As a girl, Nina Lanza ’01 loved science fiction, outer space and Halley’s comet. When she came to Smith, she studied astronomy. But she nearly passed on graduate school, having absorbed the cultural message that girls aren’t scientists. “It took until my then boyfriend (now my husband) stated the obvious,” she recalls. “He said, ‘You should apply to graduate school in space science.’ That’s what launched me.”
Now a staff scientist at Los Alamos (New Mexico) National Laboratory, Lanza gets to do gee-whiz tasks like shooting laser beams at rocks on Mars. She is part of a team that remotely operates an instrument on board the Mars rover Curiosity in order to study the chemical composition of the Red Planet. Last winter she also spent five weeks in a tent in Antarctica as one of eight members of the 2015–16 Antarctic Search for Meteorites (ANSMET) field team, supported by NASA. Here, in an edited interview, Lanza talks about exploring the universe and why it’s important to learn about our nearest planetary neighbor.
I get to see things no one has seen before. Every day in my work, I get to explore a new world. The instrument I operate, ChemCam, uses an incredibly powerful infrared laser to vaporize tiny amounts of Mars rock. Then we collect the light emitted by the vaporized rock to analyze the rock’s chemical composition. We’ve done 300,000 individual chemical analyses.
I was a part of this mission from the beginning … I joined the team in 2006, just as ChemCam was being built at Los Alamos. I chose to attend the University of New Mexico doctoral program in earth and planetary sciences specifically because it gave me a chance to be a part of this mission. By the time Curiosity landed in 2012, I was a post-doc at Los Alamos.
… and I got to be a part of history. I was at the Jet Propulsion Laboratory (home base for robotic NASA missions) when the Curiosity landed, just a short distance from the engineers everyone saw on television. I was sick to my stomach with anxiety, so antsy I couldn’t even stay in my chair. Historically, two-thirds of Mars missions have crashed or been lost. So when we got word it had landed safely, everyone exploded into cheers. That’s when it hit me: I was a part of something huge and historic. But I had to get right to work checking the rover systems and getting our instrument ready to use.
There’s so much to learn from space exploration. We don’t fully understand the nature of planets or our solar system. How did the solar system evolve? Why is Mars the way it is, and how did it change over time? We will understand our own planet so much better—its potential future, its climate and oceans—by studying Mars.
You never know what you’re going to discover. I did part of my dissertation on rock varnish on Earth rocks—that shiny dark coating you find on desert rocks. This varnish is rich in manganese, which is associated with the rise of microbes on Earth. I toiled away in the lab for years, never expecting my research would have important implications for Mars. Then, years after I got my Ph.D., my team observed a funny-looking rock on Mars. When we analyzed it with ChemCam, we were surprised to find it had a high concentration of manganese. There are only a few possible explanations for this: Either there was once more oxygen in the Mars atmosphere or there were microbes on Mars. All of a sudden, my little grad school project became really important.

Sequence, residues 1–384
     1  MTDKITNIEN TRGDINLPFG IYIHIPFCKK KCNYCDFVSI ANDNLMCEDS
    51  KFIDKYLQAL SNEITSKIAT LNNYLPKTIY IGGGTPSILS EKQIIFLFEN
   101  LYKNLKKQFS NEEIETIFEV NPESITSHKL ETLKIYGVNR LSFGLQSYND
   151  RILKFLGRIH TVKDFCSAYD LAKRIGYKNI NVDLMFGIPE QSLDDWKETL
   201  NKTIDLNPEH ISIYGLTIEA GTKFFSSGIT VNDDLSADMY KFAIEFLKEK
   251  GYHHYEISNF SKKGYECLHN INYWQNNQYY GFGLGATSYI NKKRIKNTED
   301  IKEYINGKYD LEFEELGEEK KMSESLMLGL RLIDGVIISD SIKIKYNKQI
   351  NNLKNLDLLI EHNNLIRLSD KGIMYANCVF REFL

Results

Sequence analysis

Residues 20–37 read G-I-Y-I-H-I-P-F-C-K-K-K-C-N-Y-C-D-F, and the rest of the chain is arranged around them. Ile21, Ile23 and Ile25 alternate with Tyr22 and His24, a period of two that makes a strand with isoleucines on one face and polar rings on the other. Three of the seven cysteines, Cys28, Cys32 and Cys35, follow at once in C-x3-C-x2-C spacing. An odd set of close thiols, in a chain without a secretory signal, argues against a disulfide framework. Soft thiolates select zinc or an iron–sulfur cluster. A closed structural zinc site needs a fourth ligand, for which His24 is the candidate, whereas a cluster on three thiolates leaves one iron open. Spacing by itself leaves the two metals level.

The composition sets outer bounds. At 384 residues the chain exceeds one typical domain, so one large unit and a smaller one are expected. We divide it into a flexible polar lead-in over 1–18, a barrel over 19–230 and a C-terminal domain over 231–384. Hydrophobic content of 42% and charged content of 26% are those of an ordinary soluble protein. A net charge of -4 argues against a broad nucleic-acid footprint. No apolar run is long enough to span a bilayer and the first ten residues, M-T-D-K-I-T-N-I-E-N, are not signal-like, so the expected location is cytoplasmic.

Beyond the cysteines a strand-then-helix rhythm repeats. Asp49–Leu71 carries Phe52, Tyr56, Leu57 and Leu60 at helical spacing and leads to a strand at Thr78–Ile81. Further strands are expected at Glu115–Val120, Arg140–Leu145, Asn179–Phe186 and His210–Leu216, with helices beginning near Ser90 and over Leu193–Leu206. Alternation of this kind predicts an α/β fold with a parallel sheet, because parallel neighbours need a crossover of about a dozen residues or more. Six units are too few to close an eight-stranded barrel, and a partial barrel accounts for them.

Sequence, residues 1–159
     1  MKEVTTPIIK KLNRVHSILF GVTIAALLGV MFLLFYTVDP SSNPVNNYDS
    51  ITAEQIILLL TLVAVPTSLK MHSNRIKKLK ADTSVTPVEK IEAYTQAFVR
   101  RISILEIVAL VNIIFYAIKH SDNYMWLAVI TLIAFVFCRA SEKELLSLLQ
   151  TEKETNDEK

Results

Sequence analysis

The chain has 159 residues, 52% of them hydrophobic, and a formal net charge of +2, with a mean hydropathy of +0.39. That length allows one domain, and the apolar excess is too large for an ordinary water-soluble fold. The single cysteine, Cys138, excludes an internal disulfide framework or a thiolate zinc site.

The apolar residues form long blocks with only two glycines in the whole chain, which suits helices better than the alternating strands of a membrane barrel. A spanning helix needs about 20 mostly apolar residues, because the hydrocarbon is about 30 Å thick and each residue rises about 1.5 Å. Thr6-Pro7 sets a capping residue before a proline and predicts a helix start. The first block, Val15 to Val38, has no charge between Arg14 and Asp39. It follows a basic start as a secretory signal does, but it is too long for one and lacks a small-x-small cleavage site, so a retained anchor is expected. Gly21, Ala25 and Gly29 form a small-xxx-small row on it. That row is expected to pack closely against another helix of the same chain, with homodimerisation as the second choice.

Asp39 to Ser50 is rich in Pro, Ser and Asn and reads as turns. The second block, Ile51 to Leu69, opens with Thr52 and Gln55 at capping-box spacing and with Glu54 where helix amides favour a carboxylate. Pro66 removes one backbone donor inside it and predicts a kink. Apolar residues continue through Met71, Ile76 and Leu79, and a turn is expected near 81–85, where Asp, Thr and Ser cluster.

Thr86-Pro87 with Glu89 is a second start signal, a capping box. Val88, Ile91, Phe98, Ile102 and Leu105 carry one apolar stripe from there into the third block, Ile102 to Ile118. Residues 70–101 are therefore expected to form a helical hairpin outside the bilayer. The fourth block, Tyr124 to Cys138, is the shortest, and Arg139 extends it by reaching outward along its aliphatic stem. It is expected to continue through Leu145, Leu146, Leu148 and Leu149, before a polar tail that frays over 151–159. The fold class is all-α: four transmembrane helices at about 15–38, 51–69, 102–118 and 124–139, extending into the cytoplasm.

Mars will surprise us every time. Until now, we thought water on Mars was mostly acidic. But when Curiosity landed in Gale Crater, we found evidence that the sediments had been formed in lake water with a neutral pH. That’s a very big deal. If that lake had been on Earth, it would have been inhabited. That alone fundamentally changes our understanding of the planet.
The interior of Antarctica looks like Mars to me. It’s a harsh world. At the margins of the continent, you find life forms. But inside, you don’t see anything—not a plant, not an animal. I’ve never been to a place that’s so barren. Sometimes you can’t even tell the difference between sky and land. At night, in our communal tent, we’d read aloud from journal entries of the earliest Antarctic explorers—Roald Amundsen, Robert Scott and Ernest Shackleton—from the same date a century ago. The things they described—the fogs rolling in, the silence and the solitude—are still true today.
Antarctica tells us about outer space. The only materials we have on Earth that came from Mars are meteorites, and nearly all of them were found in Antarctica. As a team, we found 569 meteorites while we were out there this season, including one from Vesta, the second-largest asteroid in the asteroid belt.
We need to make room for women scientists. We need to explicitly say this to girls and women: “You should be a scientist.” Plenty of scientists on our team have families, and I plan to have one, too. This is an unusual line of work, so it won’t be easy, but I’ve seen it work. Having a workplace that values your talent is important in making it work.
SAQ, Summer 2016
Influential Professor: “Jonathan Hirsh in music. I toured Europe twice with him as part of the Chamber Singers. Music is still a part of my life. I sing in a local ensemble, and when I went to Antarctica, I brought sheet music and a pitch pipe. Our team of scientists sang holiday carols in the tents.”
Ali Benjamin’s novel, The Thing About Jellyfish, was a 2015 National Book Award finalist.